by Jessica Wolstenholm | Feature Contributor
Once you’ve asked all the important questions and decided to pursue your big idea, it’s time to create a proposal for possible partners. Depending on the nature of your idea, your pitch may vary a bit but generally a successful proposal will include the following components.
1. Title/Tagline. This is the idea. It needs to arrest the attention of the reader.
2. Sales Handle. 2-3 sentence elevator pitch of the idea. The copy you would find in an ad.
3. Benefits. Outline how this product/idea will benefit consumers. 4-5 bullet points should present solid features.
4. Idea Summary. This should include a compelling overview of the product/concept in two to three paragraphs.
5. Timeline. Where are you in the process of this idea? Have you created a prototype? Have you established a platform? Started a manuscript? What is your anticipated date of completion or desired launch date?
6. Audience. Who will you target with this idea? Different than your list of benefits, this section will focus on the person who will benefit from your product. What kind of lifestyle does s/he lead? Where can we find them online? How old are they?
7. Comps. List 4-5 competing products/ideas already in the market. It’s important to find successful comps but to greatly differentiate yourself from those ideas in order to prove the need for your product.
8. Bio. Introduce yourself to the reader. Wow them with your resume. Give them reason to believe YOU are the person they need to partner with to pursue this great idea. What expertise/experience do you bring to the table? Include a photo.
9. Marketing. Explain your current platform and what marketing power you have. Share ideas and ways you will go after your idea. Although you are looking for a partner to help you pursue this idea, any partner worth linking arms with will expect you to passionately promote your product as well.
10. Outline/Samples/Visuals. Any samples you can provide will only help excite the reader about your idea. . . IF those samples are excellent and ready to be shared. Spend some time preparing this portion of your presentation. You need to wow your consumer but you will never get the chance if you can’t first wow a potential partner.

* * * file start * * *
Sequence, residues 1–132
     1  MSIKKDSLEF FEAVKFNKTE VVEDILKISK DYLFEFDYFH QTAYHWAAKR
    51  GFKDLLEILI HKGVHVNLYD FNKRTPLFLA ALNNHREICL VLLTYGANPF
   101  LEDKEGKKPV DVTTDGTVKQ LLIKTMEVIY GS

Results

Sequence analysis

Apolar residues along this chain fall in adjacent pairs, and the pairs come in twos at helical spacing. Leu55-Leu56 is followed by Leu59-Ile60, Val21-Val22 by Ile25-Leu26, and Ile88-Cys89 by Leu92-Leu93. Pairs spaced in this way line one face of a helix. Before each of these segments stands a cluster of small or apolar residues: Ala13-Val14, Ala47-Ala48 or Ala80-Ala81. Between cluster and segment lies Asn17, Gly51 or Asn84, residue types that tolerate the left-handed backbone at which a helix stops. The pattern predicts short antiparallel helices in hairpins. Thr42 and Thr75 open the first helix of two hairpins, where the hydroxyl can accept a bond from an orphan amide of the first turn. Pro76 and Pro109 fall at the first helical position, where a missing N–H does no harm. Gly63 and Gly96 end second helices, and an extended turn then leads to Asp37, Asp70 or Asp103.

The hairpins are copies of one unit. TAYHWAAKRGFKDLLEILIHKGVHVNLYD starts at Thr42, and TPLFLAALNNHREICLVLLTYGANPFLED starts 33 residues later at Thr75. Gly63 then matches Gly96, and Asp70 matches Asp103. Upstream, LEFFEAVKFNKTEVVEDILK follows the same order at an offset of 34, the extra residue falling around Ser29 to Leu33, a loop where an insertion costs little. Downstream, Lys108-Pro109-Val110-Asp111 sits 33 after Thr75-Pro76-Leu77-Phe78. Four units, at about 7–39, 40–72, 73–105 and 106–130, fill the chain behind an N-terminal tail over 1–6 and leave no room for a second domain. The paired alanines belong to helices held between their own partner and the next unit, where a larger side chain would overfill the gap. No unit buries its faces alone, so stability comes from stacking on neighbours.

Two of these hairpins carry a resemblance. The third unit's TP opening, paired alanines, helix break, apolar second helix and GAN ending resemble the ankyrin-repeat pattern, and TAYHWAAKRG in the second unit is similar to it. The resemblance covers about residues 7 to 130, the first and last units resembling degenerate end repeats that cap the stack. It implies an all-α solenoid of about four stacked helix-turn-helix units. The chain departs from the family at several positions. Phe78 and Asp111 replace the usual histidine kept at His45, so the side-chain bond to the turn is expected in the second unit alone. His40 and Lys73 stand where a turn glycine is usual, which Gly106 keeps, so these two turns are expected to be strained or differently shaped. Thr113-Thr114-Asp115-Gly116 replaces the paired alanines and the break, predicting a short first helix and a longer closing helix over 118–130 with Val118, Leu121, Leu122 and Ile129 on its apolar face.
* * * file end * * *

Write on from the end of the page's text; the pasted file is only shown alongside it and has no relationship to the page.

It should go without saying but make sure your contact information is up to date and clearly presented on your proposal. Create an email/cover letter that is professional and formatted to stand out amongst a sea of other pitches in the recipients inbox.
We have not discussed financials in this post because often, these discussions will come once initial interest in peaked on the part of the potential partner. Don’t scare them away with numbers. Let them fall in love with your idea first.
Remember to KEEP IT SIMPLE. Gone are the days when long and overly thorough proposals impressed the recipient. People are too busy to read a 10 page proposal. You should be able to adequately present your idea in 2-3 pages. If you can’t interest someone in you and your idea through these 10 simple components, it’s time to go back and refine your idea.
Download a simple proposal template PDF here -> Sample Proposal
What do you think is the most important component of an idea pitch?
Jessica Wolstenholm – Product Development Maven, former Brand/Marketing Manager, Nashville, TN
Before getting her dream job as a stay-at-home mom, Jessica Wolstenholm worked in the music and publishing industries for over 15 years serving major labels and publishers in marketing and brand management. Although her transition from the corporate world to the playground has been quite an adjustment, she’s learning to love the juggle of home life and various entrepreneurial projects that allow her to keep creative juices flowing. With an extensive background in product development in which she helped artists, authors and speakers take their dreams from concept to reality, Jessica could not help but apply her experience to her own ideas. Co-author of The Pregnancy Companion and The Baby Companion books, Jessica also writes to encourage moms at graceformoms.com. She lives just outside Nashville, TN with her husband and two children.
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